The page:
The acting, throughout the film, is excellent. Jude Law is at his smarmiest playing a whip-smart blogger; Jennifer Ehle effortlessly underplays a smart scientist with an interesting backstory (a scene with her and her character’s father in particular knocked my socks off); Kate Winslet nails the cool, calm, and collected first response CDC leader; Laurence Fishburne shows emotional vulnerability and a sweetness beneath a gruff exterior as a CDC spokesman; and Matt Damon owns the everyman trying to protect his daughter (from the virus and boys), while avoiding his grief for his lost wife.

The editing is also superb. Stephen Mirrione, a Soderbergh vet no stranger to ensemble drama (he won an Oscar for editing Soderbergh’s 2000 feature Traffic), keeps everything intertwined and brisk, leaving no time for the audience to catch up. This one-step-ahead cutting creates tension while also maintaining comprehensibility, much like Lee Smith did when editing Inception.

Musically, former Red Hot Chili Peppers member (in the eighties) and fellow Soderbergh vet Cliff Martinez’s unique score inspires two trains of thought in my head: “Yeah, I love this, it blends electronic and classical seamlessly and with really cool sounds”, and/or “this dissonance pisses me off, stop now please”.  It’s a memorable score, and it does move the pace along well. The emotion of the film is reflected in the score, so I must say it got its job done. I’m looking forward to hearing more of Martinez’s work in the future; he’s breaking a lot of cool new ground here (much like Trent Reznor and Atticus Ross did a year ago).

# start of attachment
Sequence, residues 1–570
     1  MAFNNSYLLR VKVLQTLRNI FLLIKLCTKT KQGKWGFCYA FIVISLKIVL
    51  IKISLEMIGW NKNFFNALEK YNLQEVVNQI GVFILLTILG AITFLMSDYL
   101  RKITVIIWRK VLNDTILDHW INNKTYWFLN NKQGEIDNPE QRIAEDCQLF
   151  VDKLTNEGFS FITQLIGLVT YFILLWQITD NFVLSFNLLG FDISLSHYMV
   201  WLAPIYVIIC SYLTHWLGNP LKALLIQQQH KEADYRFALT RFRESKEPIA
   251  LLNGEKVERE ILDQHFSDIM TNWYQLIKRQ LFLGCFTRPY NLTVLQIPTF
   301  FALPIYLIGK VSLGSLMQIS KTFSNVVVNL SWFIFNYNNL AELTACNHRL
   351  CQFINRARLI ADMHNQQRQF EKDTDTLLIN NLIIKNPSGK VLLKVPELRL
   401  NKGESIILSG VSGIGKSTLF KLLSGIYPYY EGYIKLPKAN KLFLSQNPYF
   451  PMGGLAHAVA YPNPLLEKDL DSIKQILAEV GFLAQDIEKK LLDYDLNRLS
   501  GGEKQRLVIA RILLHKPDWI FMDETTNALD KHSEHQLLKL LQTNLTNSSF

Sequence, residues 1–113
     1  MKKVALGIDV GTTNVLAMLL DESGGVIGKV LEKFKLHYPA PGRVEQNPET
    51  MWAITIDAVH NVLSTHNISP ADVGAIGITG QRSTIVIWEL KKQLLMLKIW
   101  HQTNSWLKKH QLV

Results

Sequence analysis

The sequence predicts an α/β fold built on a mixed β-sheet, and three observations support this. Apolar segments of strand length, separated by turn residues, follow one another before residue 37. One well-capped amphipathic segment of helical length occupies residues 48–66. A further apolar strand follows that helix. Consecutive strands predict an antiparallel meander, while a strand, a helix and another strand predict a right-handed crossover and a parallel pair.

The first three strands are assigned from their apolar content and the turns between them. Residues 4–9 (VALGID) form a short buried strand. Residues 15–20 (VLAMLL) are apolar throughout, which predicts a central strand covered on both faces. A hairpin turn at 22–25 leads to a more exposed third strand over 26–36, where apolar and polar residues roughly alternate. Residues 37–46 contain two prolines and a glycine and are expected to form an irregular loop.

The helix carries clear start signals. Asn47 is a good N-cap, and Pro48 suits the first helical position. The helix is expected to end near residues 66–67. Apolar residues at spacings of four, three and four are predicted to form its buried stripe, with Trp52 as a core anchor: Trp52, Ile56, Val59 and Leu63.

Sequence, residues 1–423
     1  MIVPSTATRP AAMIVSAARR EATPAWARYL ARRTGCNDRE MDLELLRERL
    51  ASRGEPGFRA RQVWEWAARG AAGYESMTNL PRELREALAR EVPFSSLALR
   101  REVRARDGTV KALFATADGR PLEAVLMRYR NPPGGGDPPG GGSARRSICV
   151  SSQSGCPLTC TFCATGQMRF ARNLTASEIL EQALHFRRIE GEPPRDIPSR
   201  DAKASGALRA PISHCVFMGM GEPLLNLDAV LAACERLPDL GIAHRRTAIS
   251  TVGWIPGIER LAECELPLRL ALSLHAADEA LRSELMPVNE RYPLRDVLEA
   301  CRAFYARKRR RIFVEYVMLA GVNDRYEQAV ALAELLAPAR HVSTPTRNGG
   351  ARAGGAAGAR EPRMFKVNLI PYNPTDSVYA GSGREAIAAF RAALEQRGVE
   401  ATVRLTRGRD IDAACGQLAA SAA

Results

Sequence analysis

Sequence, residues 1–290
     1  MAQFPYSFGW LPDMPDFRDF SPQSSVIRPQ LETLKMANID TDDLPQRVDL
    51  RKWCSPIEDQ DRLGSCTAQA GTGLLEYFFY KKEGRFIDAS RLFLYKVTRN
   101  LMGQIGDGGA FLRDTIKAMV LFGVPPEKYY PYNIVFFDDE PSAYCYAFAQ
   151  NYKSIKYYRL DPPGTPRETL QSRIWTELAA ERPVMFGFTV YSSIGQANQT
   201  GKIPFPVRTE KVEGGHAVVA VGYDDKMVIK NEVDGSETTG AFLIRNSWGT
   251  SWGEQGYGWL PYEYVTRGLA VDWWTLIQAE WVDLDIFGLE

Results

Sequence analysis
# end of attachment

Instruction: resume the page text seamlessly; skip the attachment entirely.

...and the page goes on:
The cinematography is stellar, using great framing and lensing techniques to convey both cool and warm tones as well as stability and instability, reflecting the mood of the film as it requires.

The film has loose ends, though most are tied up satisfyingly. All in all, I was compelled and entranced by the film, and it merits a second watching. Is it perfect? Certainly not. But it is entertaining, makes you think, and keeps you on the edge of your seat. Definitely worth your time.

On a side note, Demetri Martin and Bryan Cranston show up here too. Their roles are small, but they’re instantly recognizable as actors. It’s kinda cool to see them here. That’s just me, though.

PS: I’ve been hearing different things from other filmmakers here at USC who also saw the film. I’ll see if one of them will post a dissenting opinion.

About Dylan Visvikis

Dylan Visvikis is a working screenwriter and director in Los Angeles. View all posts by Dylan Visvikis